But to do it…

May 14, 2018

Policy Options – Anthony Doob, Jane Sprott, Cheryl Webster
Learning from our success in reducing youth imprisonment:  Canada’s success in reducing youth imprisonment in the last two decades is evidence that reform of the justice system is possible, with the political will.

Doob and colleagues are very pointed in their assessment, and impatience, with the hesitation to act and the Liberal reluctance to tackle some of the residual of Harper’s tough-on-crime era.  “Canada’s success in reducing youth custody is in striking contrast to its failure in the case of adult imprisonment. While restraint in the use of adult incarceration has been advocated by official commissions and committees for over 100 years, successive governments have been reluctant to take a strong stand in favour of it. A notable current example of this reluctance is the unwillingness of Justin Trudeau’s government to do anything about mandatory minimum penalties, notwithstanding its commitment to implement all the recommendations of the Truth and Reconciliation Commission that are within its jurisdiction. That commission recommended, in Call to Action #32, that judges be given the explicit power to depart from mandatory minimums. It hasn’t happened. At least part of the explanation, we would suggest, lies in the lack of political will to do it.” http://policyoptions.irpp.org/magazines/may-2018/learning-from-our-success-in-reducing-youth-imprisonment/

CBC News – Jason Warwick
Justice was not served:’ Sixties Scoop survivors unhappy after approval of $875M settlement – Hearing in Saskatoon saw more than 100 survivors testify

The $875 million settlement addresses 20,000 residential school survivors, those scooped from their homes:  $700 million for survivors, $50 million for a foundation and $75 million for lawyers.  Still many Indigenous people are saying that the process pre-empted the right to be heard and wound up telling the people rather than hearing the people, the very principle, say some survivors, that caused the problems to start with.  “Was this just to shut us up? There is no integrity in this process. Justice was not served,” said survivor Marlene Orgeron, a member of the Sapotaweyak Cree Nation in Manitoba who was adopted out to a family in New Orleans.”  http://www.cbc.ca/news/canada/saskatoon/sixties-scoop-hearing-saskatoon-1.4658197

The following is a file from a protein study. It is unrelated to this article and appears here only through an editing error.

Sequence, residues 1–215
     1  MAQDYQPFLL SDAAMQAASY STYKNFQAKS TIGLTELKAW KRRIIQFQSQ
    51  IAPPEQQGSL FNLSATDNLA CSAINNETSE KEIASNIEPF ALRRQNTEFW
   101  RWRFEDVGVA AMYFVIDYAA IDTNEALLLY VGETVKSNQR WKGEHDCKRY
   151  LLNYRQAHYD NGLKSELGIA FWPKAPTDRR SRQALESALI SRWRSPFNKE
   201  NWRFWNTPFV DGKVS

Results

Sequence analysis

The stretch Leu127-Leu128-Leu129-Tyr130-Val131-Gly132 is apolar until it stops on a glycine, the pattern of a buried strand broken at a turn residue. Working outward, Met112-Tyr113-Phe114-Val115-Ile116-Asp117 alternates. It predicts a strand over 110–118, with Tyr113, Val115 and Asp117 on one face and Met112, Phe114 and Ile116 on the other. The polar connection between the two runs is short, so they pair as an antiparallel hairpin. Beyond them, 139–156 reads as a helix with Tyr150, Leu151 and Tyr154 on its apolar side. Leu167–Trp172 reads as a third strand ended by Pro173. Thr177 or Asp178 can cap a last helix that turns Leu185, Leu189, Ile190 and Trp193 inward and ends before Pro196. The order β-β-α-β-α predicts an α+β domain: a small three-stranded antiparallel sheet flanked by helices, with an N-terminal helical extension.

Toronto Star – Daniel Bernhard
La Presse throws in the towel. Who’s next?

If the Quebec government is willing to change some law, La Presse, after 140 years of publishing, Quebec’s largest newspaper, is ready to change their business model to a not-for-profit.  The long-time media giant is about to close its doors unless the new model is available.  The main problem is shared by every print media in Canada and is perhaps equally pressing for an answer.  “Google, Facebook and other foreign internet giants extract 80% of Canada’s digital advertising spending, and this outsized dominance sucks the life out of newsrooms who are needed to defend our democracy against corruption and fake news.”  The question remaining is where will Canadians get in-depth analysis of news events?  https://www.thestar.com/opinion/contributors/2018/05/14/la-presse-throws-in-the-towel-whos-next.html

Toronto Star – Jacques Gallant
Judge can’t end a trial just because he has ‘heard enough,’ appeal court rules